Thursday, May 24, 2018

University of New Orleans Researchers Reduce High Cost of Low Temperature Research

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John WileyJohn B. Wiley

A multidisciplinary team of researchers at the University of New Orleans received a $125,000 award from the Louisiana Board of Regents for a helium recovery system that will be housed at the University’s Advanced Materials Research Institute (AMRI). The project is significant because the new system will drastically reduce the cost of studying applications for helium, which plays a critical role in the cooling of scientific and medical instrumentation. 

Helium is the second most abundant element in the universe but it is very rare on earth. It is even as rare as precious metals like gold and platinum. At room temperature, helium is the volatile gas often used in balloons. Helium released into the atmosphere as a gas leaves the earth.

In liquid form, helium can be used for cooling a variety of instrumentation that requires a very low temperature to function. For example, magnetic resonance imaging, a common medical diagnostic tool, requires liquid helium to operate. The liquid form of helium is able to cool down important components to minus 454 °F. Researchers at AMRI also need to go to these low temperatures to examine the various materials produced in their laboratories.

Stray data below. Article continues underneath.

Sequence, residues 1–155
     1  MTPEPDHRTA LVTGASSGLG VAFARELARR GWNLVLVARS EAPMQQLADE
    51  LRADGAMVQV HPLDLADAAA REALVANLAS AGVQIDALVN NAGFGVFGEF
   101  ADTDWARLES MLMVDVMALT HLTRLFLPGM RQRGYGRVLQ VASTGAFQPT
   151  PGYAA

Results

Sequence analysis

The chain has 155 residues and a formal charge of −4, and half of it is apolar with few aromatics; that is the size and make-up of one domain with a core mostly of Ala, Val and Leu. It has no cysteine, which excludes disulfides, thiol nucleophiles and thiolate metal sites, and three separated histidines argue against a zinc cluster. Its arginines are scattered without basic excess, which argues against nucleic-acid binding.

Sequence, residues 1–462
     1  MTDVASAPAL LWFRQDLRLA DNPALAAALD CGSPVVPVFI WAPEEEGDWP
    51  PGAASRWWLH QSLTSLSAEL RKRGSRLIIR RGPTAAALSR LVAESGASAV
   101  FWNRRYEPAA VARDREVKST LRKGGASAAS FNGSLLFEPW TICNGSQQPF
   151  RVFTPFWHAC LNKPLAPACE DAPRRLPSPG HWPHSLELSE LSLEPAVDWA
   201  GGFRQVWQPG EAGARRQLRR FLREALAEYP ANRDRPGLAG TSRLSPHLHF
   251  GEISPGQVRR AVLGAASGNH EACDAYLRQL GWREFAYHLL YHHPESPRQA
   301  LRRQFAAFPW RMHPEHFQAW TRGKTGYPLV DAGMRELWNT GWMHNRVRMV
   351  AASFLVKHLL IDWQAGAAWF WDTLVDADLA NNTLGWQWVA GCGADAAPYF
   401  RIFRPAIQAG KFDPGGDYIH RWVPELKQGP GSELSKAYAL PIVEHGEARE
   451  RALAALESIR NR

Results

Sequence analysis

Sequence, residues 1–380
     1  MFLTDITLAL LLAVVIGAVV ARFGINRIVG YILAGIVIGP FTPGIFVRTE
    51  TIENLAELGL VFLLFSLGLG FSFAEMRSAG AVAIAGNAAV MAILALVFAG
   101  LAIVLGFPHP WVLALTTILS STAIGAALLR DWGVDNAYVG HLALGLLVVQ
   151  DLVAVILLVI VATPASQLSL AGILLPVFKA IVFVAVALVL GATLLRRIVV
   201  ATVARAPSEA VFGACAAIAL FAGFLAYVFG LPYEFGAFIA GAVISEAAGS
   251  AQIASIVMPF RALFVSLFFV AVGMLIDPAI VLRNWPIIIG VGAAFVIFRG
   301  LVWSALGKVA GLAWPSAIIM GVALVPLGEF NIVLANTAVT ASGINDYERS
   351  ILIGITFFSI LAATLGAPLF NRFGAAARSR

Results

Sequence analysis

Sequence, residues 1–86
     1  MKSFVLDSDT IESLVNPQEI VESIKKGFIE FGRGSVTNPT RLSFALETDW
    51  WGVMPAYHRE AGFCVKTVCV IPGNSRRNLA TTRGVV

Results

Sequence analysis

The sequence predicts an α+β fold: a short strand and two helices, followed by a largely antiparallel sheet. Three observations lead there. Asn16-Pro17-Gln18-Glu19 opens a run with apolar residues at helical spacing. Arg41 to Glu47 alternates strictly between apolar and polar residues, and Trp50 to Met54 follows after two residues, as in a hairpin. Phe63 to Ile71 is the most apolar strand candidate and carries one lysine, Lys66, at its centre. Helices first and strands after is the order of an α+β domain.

But the scarcity and volatility of the element pose challenges for studying it and discovering further applications. The new system coming to AMRI will capture the helium before it can leave the laboratory and allow researchers to recycle this valuable commodity. Researchers currently may spend thousands of dollars on helium for one set of experiments. This new system may reduce costs such that researchers are only spending a few dollars for similar experiments. According to John Wiley, research professor of chemistry at the University of New Orleans and director of AMRI, the benefits of the new system are threefold.

“Important research that has been delayed or abandoned due to the high costs will now be possible,” Wiley said. “Further, researchers from around Louisiana and the surrounding region will be able to benefit from these the lower measurement costs.

“At the University of New Orleans, the new equipment will help support ongoing projects in chemistry, medical applications, new magnetic, electronic and optical materials, and new composites for additive manufacturing or 3-D printing.”

For more than 20 years, the Advanced Materials Research Institute has served as a multidisciplinary institute that provides a unique environment, integrating academic, private and government sectors in the conception and development of novel research programs. AMRI is comprised of professors, postdoctoral researchers, and graduate and undergraduate students working on important aspects of materials science such as nanofabrication, magnetism, drug delivery, solar conversion and thermal and electrical transport properties.